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Reiki Practitioners and Limiting Beliefs

We all experience limiting beliefs and self-doubts that restrict our effectiveness as practitioners. Just a few examples of limiting beliefs: I am too old or too young, I don’t have enough resources, I am not that type of person. They have the ability to affect our lives, and not always for the better. They prevent us from chasing our dreams, pursuing opportunities, or pursuing relationships. They create a “comfort zone” that could become a prison. Limiting beliefs are not always negative, but they all create boundaries for growth and change. We create them to protect ourselves from failures and disappointments.

We all experience them. To overcome them, we need to recognize where they come from. Most of the time, they are created by our environment. We create them from a young age adding more as we grow. Our immediate family experiences and the stories that parents and grandparents tell us create them. Ideas about wealth, education, relationships, our future and abilities, like what career is a better fit for us and what kind of music or hobbies are more appropriate. It could also be someone we respect who shares their beliefs with us, and we absorb them as ultimate truths.

Our personal past experiences can also impose them. For example, if someone in primary school criticizes our drawing and we decide not to touch a pencil or brush anymore, these limiting beliefs create unconscious biases in our abilities. They could prevent us from taking on opportunities that could affect our professional and personal lives.

I approach my limited beliefs by examining their truths. Are they mine or adopted from my family, friends, teachers, or influencers? If they are not mine, they become biases that limit my potential. If I created them, what evidence do I have to support or contradict them? For example:

  • “I am not good at public speaking.” If this belief is based on my failure to deliver a book report in fourth grade, can it accurately apply to me now? Can I remember situations after this event when I successfully talked to a group of people?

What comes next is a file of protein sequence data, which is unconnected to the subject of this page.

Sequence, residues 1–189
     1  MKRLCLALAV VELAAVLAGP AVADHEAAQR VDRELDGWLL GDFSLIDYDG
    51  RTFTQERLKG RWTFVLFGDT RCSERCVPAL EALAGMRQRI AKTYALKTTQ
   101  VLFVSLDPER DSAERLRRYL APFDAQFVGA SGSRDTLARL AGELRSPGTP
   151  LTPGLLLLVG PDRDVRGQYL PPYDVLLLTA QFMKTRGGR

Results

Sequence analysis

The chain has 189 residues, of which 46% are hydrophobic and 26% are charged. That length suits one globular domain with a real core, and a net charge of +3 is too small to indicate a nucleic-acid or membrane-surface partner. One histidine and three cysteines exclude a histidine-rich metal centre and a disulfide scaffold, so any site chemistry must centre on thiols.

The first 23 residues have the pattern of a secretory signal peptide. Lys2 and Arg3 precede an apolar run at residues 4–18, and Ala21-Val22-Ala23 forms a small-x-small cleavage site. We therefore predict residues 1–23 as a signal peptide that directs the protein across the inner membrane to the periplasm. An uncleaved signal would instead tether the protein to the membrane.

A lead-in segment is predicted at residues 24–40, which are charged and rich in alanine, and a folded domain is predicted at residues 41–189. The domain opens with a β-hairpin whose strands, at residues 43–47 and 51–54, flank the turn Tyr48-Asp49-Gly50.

• “I am not good in my practice.” On what are my assumptions based? What facts do I have to come to this conclusion? Was it my unrealistic expectation? Do I need more practice and training, or did the issue I am working on take time to develop, so it will take time to heal?

Several steps to help us overcome our limiting beliefs:

1.      Identify one of your limiting beliefs.

What is our biggest fear? Name it. Recognize it as self-induced judgment and limitation. It is our belief, not a fact.  

2.      Examine our own beliefs.

How did it originate? Did I always have this belief? What facts support it? Does this belief help me achieve my goals? It is always helpful to question your truth and go “outside your box.”

3.      Replace old beliefs.

Creating a new belief is not easy, especially if you need to replace a story you have told yourself for many years. It is like getting rid of an old piece of clothing that no longer fits, but we have had it for so long that we have developed an emotional attachment. We need to make room for new clothes. It will take courage. Our beliefs are our thoughts that we repeat many times. They are our thoughts; we created them, and we can replace them.

4.      Be patient and kind to yourself.

It is not easy to let go of self-limiting beliefs. One day I feel liberated from them and another day they sneak back in. Be patient with yourself old habits die hard. Consistency and determination are the key. Implementing new beliefs and challenging old ones is the doorway to success. Be kind and proud of yourself for the steps you are taking. 


We can overcome our limiting beliefs. We must ask ourselves, “Is my fear of failure stronger than my desire for success?” There is no such thing in life as failure; it is only a teaching experience. Failure is only a failure if we do not learn from it or give up after. Progress occurs when the excitement of trying new things overpower scares of the changes. Our limiting beliefs are designed to protect us and keep us safe in our comfort zone. But they also could put us in the box that prevents our growth and development. It is beneficial from time to time to put our beliefs to the test to see if they still hold the truth. Another approach is to overview our positive experiences and create new beliefs. Our beliefs don’t need to be permanent. I am not the same person that I was 15 years ago. As we change, our beliefs could change, too. Limiting beliefs reflect limitations that we put on ourselves. As we grow and obtain knowledge and experience, our self-imposed boundaries that reflect what we can do need to expand too. 


With love,


April 1, 2024

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